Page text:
Art Tid Bits

To All the Artists, Writers and Musicians out there: Do Art for Art’s Sake


Alyssa Soriano Art Tid Bits

What’s your take on that? Does art have a purpose? Of course it does. But then again, why does it have to have a purpose? Why can’t art just be art? Like all things and like all people, majority of the time, we have to serve a purpose. What’s life without meaning?

Look at our history- the arts have moved people, initiated language, creativity, self-expression and innovation. The likes of Shakespeare, Leonardo Da Vinci and Elvis Presley have procured life after death with their contribution to society.

To begin with, what is art to the artist? The arts – be it music, design, dance or literature – act as a platform of expression for a piece of their mind and soul. We see who they are and who they want to be with every stroke of a brush, every rhyme, every pluck of a chord and every adjective.

Moreover, art is therapy. There’s something therapeutic about art that no one can deny. People with disabilities find solace in the arts; others engage in catharsis wherein they express their repressed emotions; whilst some simply bask in its undeniable superpower to make you feel better. We all believe in the purpose of art to the artist, but when asked about the purpose of art to society, we shrug.   And if we do answer, we resort to the usual ‘to entertain’ or ‘to look/sound pretty.’ Let’s put that shrug aside and ask: Is that all art is for?

The Rose Walk by Claude Monet, Giverny, 1920–22

Art goes beyond aesthetics- it’s not supposed to (just) look pretty, it’s supposed to make you feel something. Art captures moments of significance in our lives. It reminds us of the things that would otherwise be invisible, forgotten, or worse, taken for granted (our oh-so-human flaw).

No one openly discusses their suffering. Everyone wants a life that sounds blissful and perfect. Art acknowledges society’s suffering and imperfection. It’s an acceptable platform to pour your heart out. In this way, we mundane humans are consoled knowing that whatever we are feeling or thinking, we are not alone. And because of it, art helps us celebrate these difficult feelings – our pain is shared and that is consolation enough.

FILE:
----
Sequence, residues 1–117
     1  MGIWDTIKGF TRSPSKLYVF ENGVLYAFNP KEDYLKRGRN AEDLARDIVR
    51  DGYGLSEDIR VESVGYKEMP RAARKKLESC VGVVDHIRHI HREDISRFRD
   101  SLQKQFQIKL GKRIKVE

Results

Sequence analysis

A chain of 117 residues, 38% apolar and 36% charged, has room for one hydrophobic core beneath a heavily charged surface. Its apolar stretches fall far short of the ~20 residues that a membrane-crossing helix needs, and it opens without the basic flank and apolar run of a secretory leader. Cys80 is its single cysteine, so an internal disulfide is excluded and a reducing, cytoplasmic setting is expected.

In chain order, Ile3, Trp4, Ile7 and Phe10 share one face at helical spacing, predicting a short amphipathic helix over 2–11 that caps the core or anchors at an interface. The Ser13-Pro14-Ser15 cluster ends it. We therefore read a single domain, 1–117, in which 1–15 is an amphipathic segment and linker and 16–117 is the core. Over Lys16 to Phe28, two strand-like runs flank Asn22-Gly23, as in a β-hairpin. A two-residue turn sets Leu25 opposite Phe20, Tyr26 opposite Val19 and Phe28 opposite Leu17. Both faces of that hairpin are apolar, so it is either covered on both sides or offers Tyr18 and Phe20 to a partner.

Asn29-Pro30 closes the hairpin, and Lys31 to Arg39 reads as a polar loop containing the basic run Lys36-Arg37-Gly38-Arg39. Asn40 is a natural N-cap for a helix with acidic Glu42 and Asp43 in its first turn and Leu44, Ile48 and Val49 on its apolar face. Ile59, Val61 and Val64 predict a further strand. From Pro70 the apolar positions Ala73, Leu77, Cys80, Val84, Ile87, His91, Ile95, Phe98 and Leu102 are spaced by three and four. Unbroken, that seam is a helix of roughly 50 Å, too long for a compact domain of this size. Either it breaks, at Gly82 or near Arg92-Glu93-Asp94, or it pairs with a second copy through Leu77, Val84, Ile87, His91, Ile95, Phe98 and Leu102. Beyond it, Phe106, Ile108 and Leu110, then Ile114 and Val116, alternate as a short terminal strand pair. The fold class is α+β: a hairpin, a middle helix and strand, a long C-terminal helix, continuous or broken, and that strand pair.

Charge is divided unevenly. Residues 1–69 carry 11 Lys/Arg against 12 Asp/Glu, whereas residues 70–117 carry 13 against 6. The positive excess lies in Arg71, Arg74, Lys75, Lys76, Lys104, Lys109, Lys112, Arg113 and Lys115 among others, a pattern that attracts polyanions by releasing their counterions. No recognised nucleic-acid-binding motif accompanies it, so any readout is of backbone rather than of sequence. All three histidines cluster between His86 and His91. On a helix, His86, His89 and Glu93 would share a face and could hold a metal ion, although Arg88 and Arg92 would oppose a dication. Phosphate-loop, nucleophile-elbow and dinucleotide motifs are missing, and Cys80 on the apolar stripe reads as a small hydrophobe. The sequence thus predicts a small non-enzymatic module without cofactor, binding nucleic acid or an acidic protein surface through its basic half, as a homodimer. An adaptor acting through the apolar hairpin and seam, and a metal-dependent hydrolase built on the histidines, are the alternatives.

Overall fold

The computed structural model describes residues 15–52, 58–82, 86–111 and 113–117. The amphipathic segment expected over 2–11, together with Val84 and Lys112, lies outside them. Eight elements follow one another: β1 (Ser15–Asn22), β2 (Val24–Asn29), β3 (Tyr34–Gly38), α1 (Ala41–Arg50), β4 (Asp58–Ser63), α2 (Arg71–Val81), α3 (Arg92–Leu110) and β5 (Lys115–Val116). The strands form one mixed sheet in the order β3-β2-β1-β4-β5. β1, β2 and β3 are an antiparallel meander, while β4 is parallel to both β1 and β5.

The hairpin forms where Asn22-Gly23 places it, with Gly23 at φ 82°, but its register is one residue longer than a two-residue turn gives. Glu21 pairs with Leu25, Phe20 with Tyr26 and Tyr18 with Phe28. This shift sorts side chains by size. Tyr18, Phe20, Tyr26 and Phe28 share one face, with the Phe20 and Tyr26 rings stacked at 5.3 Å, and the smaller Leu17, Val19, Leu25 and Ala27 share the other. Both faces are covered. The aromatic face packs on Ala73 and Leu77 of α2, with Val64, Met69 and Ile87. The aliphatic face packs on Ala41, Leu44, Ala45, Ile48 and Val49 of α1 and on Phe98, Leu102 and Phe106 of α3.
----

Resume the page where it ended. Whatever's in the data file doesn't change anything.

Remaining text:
Just as art has the power to make us remember, it also has the power to make us forget. It can help let go of feelings of pain, rejection and distress. Art can make us forget about the past, the future, and intensify the feeling of the now.

The Magpie by Claude Monet, 1868–1869
The Magpie by Claude Monet, 1868–1869

If that’s not enough, art gives us hope. Hope found in the ability to connect and communicate. Hope in the things we already have and their significance to us. And hope in the future and the wonder for what it could and should be.

What could art be? What should art be? In the modern world, art is also used for advertising and promotion. However, rather than using art for propaganda in favour of materialism, superficiality, conformity, and violence, it should be used for good – Something that teaches us human values, and ethics, questions the norm and makes us step back and reflect.

The Luncheon by Claude Monet, 1868.

“Art should comfort the disturbed and disturb the comfortable.”

Art is a strong influence in our lives and affects who we are – even if we don’t recognize it. Imagine a world without those splendid works of art that take us back years in time, or the lyrics and melodies of our contemporary bands and the expansive, soul-searching and life-changing world of books. “The earth without art is just… eh.”